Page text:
Flash, Flashlite, SVG and Java

Flash is a huge success on the web. It’s been like that for a long time now.

SVG is a recommendation (read standard) by the W3C that should address some of the functionalities of Flash.

While Flash Lite has been very successful in Japan for many years (and I think simply because DoCoMo decided it would be the default on all devices), it has struggled in the rest of the world.

In the last couple of years Nokia, Sony Ericsson and other top vendors have more or less quietly implemented SVG Tiny (a subset of SVG for mobile devices). From my perspective it seemed like SVG would take over Flash (Lite) in the mobile space, but it looks Adobe is moving to make sure this does not happen.

A few news that I’ve read in the last couple of weeks, all within just a few days:

"Over the Air" event in London

Make sure you note these dates on your calendar. On April 4-5 there will be a very exciting event in London called “Over the Air“. We are all mobile mammals (read fans and addicts) and this event is really the place to be: the topics will be anything that has to do with services provided over the air. It will not be limited to browsing, one of the most common topics of dotMobi, there will also be Android, iPhone web apps and native apps, J2ME and more.

If you are in London it’s a must, if you are not, it’s probably worth to start looking for a flight and a hotel.

I will be talking about DeviceAtlas, of course.

See you there.

MovaMessenger Review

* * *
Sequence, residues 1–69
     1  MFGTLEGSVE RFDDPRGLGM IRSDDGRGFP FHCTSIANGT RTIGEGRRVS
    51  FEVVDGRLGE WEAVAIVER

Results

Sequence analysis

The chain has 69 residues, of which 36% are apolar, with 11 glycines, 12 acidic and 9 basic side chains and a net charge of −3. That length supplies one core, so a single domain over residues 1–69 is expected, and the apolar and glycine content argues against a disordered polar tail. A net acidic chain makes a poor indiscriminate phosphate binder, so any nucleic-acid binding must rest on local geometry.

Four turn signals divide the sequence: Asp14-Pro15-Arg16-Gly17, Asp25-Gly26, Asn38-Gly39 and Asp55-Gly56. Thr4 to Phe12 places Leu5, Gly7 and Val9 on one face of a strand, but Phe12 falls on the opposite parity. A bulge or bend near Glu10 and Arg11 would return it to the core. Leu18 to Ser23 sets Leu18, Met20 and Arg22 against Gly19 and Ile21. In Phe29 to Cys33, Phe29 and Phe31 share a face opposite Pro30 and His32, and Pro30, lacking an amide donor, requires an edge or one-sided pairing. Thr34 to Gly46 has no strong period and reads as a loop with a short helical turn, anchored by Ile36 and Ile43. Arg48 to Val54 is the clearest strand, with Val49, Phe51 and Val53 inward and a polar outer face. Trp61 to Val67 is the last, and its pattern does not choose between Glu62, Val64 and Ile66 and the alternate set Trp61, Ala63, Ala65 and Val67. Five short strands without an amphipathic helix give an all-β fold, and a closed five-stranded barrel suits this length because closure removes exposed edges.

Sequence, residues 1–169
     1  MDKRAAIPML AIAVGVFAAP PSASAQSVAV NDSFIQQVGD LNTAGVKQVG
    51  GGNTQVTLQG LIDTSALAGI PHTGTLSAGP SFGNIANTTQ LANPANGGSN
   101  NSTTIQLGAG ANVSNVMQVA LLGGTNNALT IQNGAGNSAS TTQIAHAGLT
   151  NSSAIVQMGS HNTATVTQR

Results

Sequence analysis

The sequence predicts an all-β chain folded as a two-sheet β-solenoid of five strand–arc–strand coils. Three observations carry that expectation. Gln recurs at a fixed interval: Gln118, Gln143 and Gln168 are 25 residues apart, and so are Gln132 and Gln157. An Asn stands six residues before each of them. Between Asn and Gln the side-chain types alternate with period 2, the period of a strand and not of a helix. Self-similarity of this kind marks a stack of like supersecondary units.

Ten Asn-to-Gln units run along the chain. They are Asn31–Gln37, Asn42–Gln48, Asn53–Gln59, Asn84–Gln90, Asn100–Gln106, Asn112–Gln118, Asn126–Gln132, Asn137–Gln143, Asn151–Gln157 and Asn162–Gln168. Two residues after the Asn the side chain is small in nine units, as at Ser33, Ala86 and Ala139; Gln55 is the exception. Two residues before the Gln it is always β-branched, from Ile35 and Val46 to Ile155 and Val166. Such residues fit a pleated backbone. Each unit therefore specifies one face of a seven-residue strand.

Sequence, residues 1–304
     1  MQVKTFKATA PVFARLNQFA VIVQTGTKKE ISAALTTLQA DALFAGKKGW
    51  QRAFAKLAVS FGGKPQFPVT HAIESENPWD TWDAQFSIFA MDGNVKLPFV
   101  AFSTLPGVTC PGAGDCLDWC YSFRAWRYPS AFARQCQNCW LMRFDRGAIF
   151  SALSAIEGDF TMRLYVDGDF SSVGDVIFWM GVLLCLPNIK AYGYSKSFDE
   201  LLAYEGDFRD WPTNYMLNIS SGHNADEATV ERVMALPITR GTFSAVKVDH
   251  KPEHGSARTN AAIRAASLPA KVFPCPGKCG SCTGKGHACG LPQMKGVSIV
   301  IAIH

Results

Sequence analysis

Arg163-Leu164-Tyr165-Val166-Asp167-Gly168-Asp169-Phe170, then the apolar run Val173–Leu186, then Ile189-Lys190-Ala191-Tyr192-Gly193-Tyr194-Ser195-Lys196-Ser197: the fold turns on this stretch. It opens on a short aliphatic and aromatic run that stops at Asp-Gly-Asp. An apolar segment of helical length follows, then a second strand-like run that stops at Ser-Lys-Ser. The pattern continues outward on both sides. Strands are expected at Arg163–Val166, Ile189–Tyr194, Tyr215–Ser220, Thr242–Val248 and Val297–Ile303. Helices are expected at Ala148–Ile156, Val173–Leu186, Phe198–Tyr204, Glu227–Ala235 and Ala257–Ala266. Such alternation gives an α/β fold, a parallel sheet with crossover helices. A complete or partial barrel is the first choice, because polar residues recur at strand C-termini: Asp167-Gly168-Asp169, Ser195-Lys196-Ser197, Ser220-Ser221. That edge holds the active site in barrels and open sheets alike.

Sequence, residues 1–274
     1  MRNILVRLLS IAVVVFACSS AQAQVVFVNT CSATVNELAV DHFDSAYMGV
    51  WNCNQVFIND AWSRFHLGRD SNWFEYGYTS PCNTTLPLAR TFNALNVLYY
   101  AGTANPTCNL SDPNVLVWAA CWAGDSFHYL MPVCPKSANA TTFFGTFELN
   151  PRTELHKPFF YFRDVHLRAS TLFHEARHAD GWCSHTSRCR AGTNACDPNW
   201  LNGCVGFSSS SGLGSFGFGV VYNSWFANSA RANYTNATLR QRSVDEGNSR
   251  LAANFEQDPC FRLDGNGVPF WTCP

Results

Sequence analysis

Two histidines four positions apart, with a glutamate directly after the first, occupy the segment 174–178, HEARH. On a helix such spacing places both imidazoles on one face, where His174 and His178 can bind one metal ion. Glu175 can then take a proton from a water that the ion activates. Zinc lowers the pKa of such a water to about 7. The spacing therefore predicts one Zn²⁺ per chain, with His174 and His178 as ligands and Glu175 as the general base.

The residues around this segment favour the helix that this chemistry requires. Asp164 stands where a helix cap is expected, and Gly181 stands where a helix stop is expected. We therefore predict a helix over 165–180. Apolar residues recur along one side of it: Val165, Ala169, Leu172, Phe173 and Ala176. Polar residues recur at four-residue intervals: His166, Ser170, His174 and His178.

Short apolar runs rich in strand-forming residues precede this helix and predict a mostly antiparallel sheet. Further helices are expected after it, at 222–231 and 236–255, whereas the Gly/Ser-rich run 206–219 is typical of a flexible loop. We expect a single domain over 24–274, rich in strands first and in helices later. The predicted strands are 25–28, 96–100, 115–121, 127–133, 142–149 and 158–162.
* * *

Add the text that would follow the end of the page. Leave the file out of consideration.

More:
MovaMessenger is a multi-protocol IM client for your mobile, developed using J2ME, which means that it will run on most mobile devices. MovaMessenger was developed by MovaFone, the same company that did MovaMail, so the general layout is very similar.

First off I went on the website, read that it supports most IM-protocols and started wondering about how it works. Is it based on Jabber? Is it using libpurple? I don’t know, unfortunately (maybe I should sniff some TCP connections on the mobile…).
On the site I could decide if I wanted to download directly or subscribe online. I decide to register and this has been a good idea as I could define one service account immediately from the web, much more comfortable than using the phone keyboard. Once defined login, password, my phone number (what do they need it for?) and setting up one account (AIM) I was presented with a URL to type in the phone and download my personalized version.
I would have liked to be able to define all the protocols from the registration. Also, since I provided my phone number (in international format, of course!), I would have liked to receive a wappush to download the JAR and not type it manually. Not a very long URL, but still a wappush would have been nicer.

I downloaded the application, 137KB, it took just a couple of minutes and I was ready to go. After downloading and starting the application I saw a short explanation message and then was asked to create an account… Hmm… I thought I had defined everything from the website. Anyway, I typed in everything and of course it said the account already existed. I chose to go to the main menu and not try to provide new parameters. Once in the main menu I could pick “Login”, account and password were already there and I logged in. Once logged in the AIM account was already there, configured. I added ICQ and MSN profiles. It took a bit to login, but eventually I was online and my buddies started popping up.